Tuesday, October 16, 2001 5:58 PM
Back to the USA.
"Based on a true story" is a strange phrase. It used to mean that most of the known facts were represented, with one or perhaps two scenes altered for dramatic effect. Now an entire story can be said to be based on a true story, even after every scene, and the characters within them, are added, altered, deleted... to the point where this "true" story will close with the disclaimer "all characters are fictitious and any similarity to persons living or dead is coincidental". Is it still the same hammer after one replaces the handle and the head? On the other hand, one could portray a true story, and close with the fiction disclaimer to avoid libel writs. It all depends on your definition of true. "pi equals 3 for small values of pi or large values of 3". It's a funny world.
I experienced my first earthquake in the USA. I don't know how strong it was, but even from the tenth floor, I could feel that the building shook less than during any of my earthquakes in Iceland. That's a good thing. I'd prefer to not be able to write the book on Earthquakes of the World.
There is something about the gold man that no-one else likes. He's still performing, one year later, the same huge grin on his face, looking as happy as he ever did. This time I was with Ling-Li. She got too close and caught his attention. He started to imitate her and she wasn't impressed, so we left. It's all about the attitude - when the gold man started running beside a jogger and imitating her stride, she turned to him and said "Touch me and I'll kill you". He stopped running immediately. Miss Piggy must be her role model.
Venice in California was meant to resemble Venice in Italy, including the canals and waterfront homes. It seems that people valued roads more than water, and most of the canals have been filled in. However, some of them remain, and I'm told that there's a boat parade in December. No gondoliers, though.
I visited JP's home again in the Palos Verdes estates, and there was another new and different food for me to try. Last time it was vanilla bean icecream, which is very nice. This time it was peacock eggs, which taste of not much apart from salt. Now I know. After we'd eaten, we went to a driving range, at which people hit golf balls in the general direction of the holes. JP has a set of fancy golf clubs - titanium head and ultra light graphite shaft. The set probably cost more money than I make in a week. I'm sure that in the correct hands, they can improve someone's driving distance, but mine are not those hands, especially since mine are left, and the clubs' are right. JP is not a patient person, by his own admission. Someone suggested to him that he takes vitamin B to help, but after he took some, he expected immediate results! It's a Catch-22 situation - if one is impatient then one should take vitamin B and be patient while it works, but if one is patient enough to wait for it to work, then one doesn't need vitamin B. Anyway, the result is that we went for a massage instead. No, a real massage. :-) Lots of short Asian women. One of them walked on my back. I don't recommend it.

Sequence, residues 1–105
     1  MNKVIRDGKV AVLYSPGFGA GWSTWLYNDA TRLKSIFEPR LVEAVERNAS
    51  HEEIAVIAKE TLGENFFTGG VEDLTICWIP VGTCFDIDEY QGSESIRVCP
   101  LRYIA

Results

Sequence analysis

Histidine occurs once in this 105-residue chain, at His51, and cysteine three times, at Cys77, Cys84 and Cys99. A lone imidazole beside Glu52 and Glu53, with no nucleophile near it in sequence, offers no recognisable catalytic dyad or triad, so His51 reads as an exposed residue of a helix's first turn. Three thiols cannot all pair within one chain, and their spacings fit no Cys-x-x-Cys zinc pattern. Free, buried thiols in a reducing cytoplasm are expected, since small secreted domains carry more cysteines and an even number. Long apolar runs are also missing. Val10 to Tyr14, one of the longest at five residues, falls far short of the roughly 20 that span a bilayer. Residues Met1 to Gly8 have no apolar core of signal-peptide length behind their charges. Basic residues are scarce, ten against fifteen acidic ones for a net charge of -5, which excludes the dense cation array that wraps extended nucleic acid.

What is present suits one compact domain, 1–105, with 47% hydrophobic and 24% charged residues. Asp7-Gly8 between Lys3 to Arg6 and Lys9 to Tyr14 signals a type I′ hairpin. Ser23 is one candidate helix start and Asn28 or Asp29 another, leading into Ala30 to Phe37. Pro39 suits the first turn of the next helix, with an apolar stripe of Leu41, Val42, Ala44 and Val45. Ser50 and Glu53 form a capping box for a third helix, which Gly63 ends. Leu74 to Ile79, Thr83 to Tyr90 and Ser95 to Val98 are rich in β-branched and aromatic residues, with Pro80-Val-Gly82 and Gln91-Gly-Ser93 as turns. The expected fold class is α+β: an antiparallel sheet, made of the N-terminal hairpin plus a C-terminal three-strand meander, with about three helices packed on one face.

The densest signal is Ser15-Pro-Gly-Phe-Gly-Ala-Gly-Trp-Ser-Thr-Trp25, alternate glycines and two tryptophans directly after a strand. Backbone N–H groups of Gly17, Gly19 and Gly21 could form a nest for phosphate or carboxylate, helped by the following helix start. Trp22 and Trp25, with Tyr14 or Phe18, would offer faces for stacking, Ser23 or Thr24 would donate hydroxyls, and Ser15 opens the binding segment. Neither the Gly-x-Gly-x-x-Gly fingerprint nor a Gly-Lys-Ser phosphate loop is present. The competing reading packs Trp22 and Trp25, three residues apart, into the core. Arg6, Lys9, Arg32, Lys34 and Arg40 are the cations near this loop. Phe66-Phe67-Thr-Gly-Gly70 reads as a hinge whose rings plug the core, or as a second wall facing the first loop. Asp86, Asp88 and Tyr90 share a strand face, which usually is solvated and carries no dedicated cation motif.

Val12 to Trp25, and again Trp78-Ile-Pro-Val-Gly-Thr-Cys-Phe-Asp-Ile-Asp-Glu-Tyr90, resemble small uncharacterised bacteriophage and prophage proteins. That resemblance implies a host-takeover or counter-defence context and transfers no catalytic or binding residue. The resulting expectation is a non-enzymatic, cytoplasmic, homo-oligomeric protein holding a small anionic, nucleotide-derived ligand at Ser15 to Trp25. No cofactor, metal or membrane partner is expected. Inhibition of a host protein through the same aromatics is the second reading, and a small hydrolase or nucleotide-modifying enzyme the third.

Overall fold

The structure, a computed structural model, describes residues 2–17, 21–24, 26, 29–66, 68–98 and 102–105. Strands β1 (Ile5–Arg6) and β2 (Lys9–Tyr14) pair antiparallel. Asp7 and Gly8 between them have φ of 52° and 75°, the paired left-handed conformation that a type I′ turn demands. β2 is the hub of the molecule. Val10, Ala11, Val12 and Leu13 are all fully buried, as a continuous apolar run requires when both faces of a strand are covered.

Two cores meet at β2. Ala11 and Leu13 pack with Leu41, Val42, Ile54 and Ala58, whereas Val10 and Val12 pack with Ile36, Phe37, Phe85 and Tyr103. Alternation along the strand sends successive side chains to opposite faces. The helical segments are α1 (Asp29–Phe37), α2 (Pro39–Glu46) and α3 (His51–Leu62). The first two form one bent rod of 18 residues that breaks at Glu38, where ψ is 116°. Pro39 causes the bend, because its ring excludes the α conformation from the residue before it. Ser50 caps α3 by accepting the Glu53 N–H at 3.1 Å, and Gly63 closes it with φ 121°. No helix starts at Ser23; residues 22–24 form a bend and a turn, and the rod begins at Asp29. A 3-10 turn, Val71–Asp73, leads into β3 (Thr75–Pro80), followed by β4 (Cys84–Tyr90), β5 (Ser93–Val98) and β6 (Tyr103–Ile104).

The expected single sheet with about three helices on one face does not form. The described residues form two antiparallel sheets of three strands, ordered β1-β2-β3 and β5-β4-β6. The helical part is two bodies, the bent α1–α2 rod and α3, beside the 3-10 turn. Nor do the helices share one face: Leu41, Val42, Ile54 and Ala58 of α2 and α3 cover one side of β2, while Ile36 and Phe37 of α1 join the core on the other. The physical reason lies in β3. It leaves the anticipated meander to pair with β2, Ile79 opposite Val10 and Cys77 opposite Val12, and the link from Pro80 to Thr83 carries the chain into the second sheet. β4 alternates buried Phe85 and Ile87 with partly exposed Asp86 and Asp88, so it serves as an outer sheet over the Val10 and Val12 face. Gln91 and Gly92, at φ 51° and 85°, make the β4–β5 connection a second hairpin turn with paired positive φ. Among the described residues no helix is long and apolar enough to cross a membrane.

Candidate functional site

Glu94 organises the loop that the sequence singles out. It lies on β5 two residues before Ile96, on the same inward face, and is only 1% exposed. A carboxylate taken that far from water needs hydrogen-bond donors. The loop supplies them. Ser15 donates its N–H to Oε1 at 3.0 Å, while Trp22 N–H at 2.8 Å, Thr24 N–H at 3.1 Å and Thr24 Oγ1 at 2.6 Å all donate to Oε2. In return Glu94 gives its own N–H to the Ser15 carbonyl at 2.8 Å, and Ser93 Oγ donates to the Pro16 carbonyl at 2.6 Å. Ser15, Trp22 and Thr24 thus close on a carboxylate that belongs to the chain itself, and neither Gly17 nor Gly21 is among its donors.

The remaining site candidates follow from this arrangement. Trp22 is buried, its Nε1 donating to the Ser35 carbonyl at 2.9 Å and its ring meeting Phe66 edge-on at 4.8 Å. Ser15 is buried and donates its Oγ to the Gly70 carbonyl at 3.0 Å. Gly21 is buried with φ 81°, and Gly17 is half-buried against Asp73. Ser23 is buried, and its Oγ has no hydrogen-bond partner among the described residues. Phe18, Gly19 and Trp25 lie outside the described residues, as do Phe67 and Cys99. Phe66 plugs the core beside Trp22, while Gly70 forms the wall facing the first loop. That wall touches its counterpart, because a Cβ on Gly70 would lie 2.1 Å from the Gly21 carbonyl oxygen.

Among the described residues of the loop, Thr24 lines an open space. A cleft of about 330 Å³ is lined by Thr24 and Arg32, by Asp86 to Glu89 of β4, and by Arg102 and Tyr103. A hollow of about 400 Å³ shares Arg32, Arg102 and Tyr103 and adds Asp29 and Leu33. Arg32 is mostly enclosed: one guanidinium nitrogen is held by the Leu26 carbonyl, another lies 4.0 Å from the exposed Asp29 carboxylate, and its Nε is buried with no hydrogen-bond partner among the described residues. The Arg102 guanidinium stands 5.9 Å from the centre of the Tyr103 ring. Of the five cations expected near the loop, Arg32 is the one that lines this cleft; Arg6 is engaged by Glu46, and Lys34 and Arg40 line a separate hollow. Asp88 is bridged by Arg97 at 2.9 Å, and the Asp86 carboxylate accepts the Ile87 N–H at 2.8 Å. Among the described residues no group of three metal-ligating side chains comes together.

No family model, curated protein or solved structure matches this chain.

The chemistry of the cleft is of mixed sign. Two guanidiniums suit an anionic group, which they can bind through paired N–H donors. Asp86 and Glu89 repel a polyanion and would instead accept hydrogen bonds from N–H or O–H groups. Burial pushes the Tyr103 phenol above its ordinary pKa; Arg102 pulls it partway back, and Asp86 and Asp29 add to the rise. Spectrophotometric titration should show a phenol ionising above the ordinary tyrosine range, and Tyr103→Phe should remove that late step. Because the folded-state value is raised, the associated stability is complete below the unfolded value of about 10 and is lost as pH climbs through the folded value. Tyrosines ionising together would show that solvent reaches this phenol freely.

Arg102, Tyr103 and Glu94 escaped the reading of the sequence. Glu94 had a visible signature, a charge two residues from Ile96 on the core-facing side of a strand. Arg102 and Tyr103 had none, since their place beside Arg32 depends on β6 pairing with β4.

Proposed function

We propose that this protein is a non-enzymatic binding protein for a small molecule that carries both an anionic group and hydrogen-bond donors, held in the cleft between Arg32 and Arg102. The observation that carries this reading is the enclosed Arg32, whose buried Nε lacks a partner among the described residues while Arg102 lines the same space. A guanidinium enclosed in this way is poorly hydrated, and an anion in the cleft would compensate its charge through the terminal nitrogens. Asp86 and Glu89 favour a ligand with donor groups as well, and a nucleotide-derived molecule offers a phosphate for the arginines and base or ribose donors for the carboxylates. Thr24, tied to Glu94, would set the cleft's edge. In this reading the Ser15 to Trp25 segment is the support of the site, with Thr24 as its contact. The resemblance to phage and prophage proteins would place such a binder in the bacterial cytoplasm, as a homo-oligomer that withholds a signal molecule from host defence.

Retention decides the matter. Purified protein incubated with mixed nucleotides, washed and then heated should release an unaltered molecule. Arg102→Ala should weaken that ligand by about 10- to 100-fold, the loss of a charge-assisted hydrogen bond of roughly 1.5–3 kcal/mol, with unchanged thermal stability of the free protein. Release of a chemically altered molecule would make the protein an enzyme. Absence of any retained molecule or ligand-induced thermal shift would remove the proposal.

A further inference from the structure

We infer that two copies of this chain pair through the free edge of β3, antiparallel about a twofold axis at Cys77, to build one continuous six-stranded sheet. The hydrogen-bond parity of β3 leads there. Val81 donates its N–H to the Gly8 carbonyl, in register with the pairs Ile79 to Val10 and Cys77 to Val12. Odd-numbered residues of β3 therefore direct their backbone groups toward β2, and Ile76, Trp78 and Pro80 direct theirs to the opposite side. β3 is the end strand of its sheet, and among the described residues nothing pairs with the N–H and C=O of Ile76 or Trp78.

Even though I'm not much of a food person, I'm happy to go to wherever people invite me to go, even to a place that sells Japanese curry and Japanese cheese cake. The curry was not particularly interesting - some Japanese food with spice, but the cheese cake was different. The problem is that the difference is difficult to describe and the simplest suggestion is to taste one instead. It feels drier, the texture is rougher, and it is less sweet than the cheese cakes with which I am familiar.
In California, cars are allowed to turn right, even if the traffic lights are red. When combined with the comparative rarity of pedestrians, making them almost invisible to the average driver, the result is that crossing the road is a hazardous undertaking, and I've been nearly hit several times. Still, better to be nearly hit than nearly missed.
The hotel in which I am staying this time is closer than the corporate apartment in which I stayed last time. This allows me to walk to and from work in reasonable time. After a couple of days, I noticed something: when I walk to work, from 2nd street to 26th street, it takes me longer than when I walk home. The difference is small, perhaps a couple of minutes, but it exists. One might suspect something psychological involving the increasing and decreasing street numbers, but more likely is the fact that in the morning, I've had breakfast, so I'm not hungry and I'm feeling very relaxed, but in the evening, I'm hungry and tired and desperate to return home. Sometimes the simplest explanations are also the most uninteresting.
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